In the middle of the Irish Sea (Part one)

Brocken spectre, Mynydd Rhiw

Well, we’ve had some interesting weather recently, haven’t we? Much as I love blue skies, white clouds and clear air, the photographer can find those conditions a bit predictable. That all changed last week when hot and humid conditions moved up from the Continent, even here in Wales.

It so happened that Jane and I had planned our first few days away together for many months, eventually plumping for Aberdaron, at the tip of the Lleyn peninsula (Penllyn) in north Wales. From the house here on a clear day we can see a line of hill-tops  – “the oylands” as a brummie once described them – extending out across Cardigan Bay and culminating in Bardsey Island ( Enlli ), the only actual island of the lot.  But by the time you reach Aberdaron, there is such a different feel to the landscape that it could almost be an island. It is so far down the ever-narrowing peninsula that it is – in effect – in the middle of the Irish Sea. And it has the weather to prove it. 

A break in the cloud from Mynydd Mawr

The journey was hot with intermittent low cloud and fog. We arrived at Mynydd Mawr, at the end of Penllyn beyond Aberdaron, just in time to see Enlli, draped in fog, through a gap in the cloud. It looked amazing.  But within thirty seconds sea fog engulfed the landscape and this wonderful vision disappeared, remaining that way for the next few hours. The fog layer had no great depth, but at 160m altitude we weren’t quite high enough to escape it. It began to get rather frustrating. I phoned Ben Porter, a friend who lives nearby, and he said he was on Mynydd Rhiw, a few miles inland and it was amazing! I should get up there asap! I drove slowly along single-track, hedge-rimmed lanes towards Rhiw in poor visibility; it felt like we were fighting a losing battle against the onset of dusk. 

However we arrived on Mynydd Rhiw just before the sun set over the Irish Sea. We were just above the cloud and a brocken spectre was just visible at the anti-solar point. Other hilltops further inland stood out, from Carn Fadryn and Yr Eifl on the peninsula, round to the great peaks of Eryri.  But they were all fading fast as the cloud layer rose steadily at every point of the compass. It seemed like  a case of “you should have been here earlier” for the second time in one day. 

Mynydd Rhiw turned out to spend a superb spot to spend the night in the camper van. I woke next morning to find the van still enveloped in cloud but a patch of blue sky soon appeared above us. This looked interesting! Grabbing a quick mug of tea, tripod and camera bag, I found a prominent position nearby where the sun – if it appeared again – would project my shadow on to cloud below. These looked perfect conditions for seeing another brocken spectre. This unusual atmospheric phenomenon has appeared in my blog before (see this post) but it is seen so rarely that one feels that one learns a little more about it every time it appears.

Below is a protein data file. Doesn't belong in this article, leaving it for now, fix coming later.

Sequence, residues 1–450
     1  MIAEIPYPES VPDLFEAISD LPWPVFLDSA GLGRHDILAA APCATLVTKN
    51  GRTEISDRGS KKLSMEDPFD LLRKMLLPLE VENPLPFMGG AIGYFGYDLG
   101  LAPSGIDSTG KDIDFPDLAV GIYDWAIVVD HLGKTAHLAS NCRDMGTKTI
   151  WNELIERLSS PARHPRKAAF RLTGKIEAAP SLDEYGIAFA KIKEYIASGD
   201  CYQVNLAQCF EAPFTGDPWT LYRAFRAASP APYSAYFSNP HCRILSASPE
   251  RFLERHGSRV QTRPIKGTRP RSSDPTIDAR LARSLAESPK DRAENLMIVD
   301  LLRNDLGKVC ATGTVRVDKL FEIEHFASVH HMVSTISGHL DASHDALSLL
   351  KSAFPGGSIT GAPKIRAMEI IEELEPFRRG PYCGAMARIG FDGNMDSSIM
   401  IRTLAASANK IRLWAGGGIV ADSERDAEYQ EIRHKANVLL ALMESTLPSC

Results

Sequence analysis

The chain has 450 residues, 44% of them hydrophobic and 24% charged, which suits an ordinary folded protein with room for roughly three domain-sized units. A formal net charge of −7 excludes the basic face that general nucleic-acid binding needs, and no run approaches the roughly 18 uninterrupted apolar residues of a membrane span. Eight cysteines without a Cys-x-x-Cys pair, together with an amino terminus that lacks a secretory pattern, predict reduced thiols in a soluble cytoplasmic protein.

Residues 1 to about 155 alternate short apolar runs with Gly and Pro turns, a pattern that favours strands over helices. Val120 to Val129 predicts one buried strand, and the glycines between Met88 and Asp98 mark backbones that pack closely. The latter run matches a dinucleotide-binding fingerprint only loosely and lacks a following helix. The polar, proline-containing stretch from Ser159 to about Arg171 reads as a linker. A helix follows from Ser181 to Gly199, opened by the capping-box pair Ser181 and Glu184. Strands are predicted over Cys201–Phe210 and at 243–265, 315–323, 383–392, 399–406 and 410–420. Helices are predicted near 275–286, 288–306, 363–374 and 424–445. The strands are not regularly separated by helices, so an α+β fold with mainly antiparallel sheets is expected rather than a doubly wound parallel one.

An audience on Mynydd rhiw

A complete brocken spectre consists of a three-dimensional shadow extending literally from one’s feet to the anti-solar point in the cloud where one’s head appears. Around the head a tiny circular “glory” is centred, formed by reflection and refraction of light within cloud droplets. The formation of a rainbow is similar; the difference being in the size difference between raindrops and cloud droplets. To the naked eye it appears that the glory consists of the full spectrum of colours – like a rainbow – with red on the outside and violet on the inside. However, post-processing the image above has revealed that outside the “primary” ring of colours is a secondary ring – each colour band broader than the inner equivalent and the whole thing more diffuse.  I must emphasise here that this is not the result of adding anything to the image “in photoshop” or manipulating it artificially. It must be the equivalent of seeing more colour on a digital image of the aurora borealis than is possible to see with the naked eye (see this post).

Conditions favourable for a brocken spectre also favour the formation of a “fogbow” which has similar dimensions to a rainbow but which consists only of an arc of white light projected onto cloud.  In my experience a fogbow is more often seen because its radius is much greater than that of a brocken spectre but you can be sure that if the former is visible, the latter may not be far away. During the several hours we spent on Mynydd Mawr last Friday a fogbow was almost permanently visible. It is also worth noting that if you are with a companion both your shadows can be seen by both of you but only the one glory centred on one’s own head! The possibilities for philosphical speculation seem endless here!

And finally I have recently seen photographs of rainbows taken close to sunset, where the area within the arc is suffused with red / orange light. The evening brocken spectre (which I didn’t attempt to photograph) appeared to be like this too.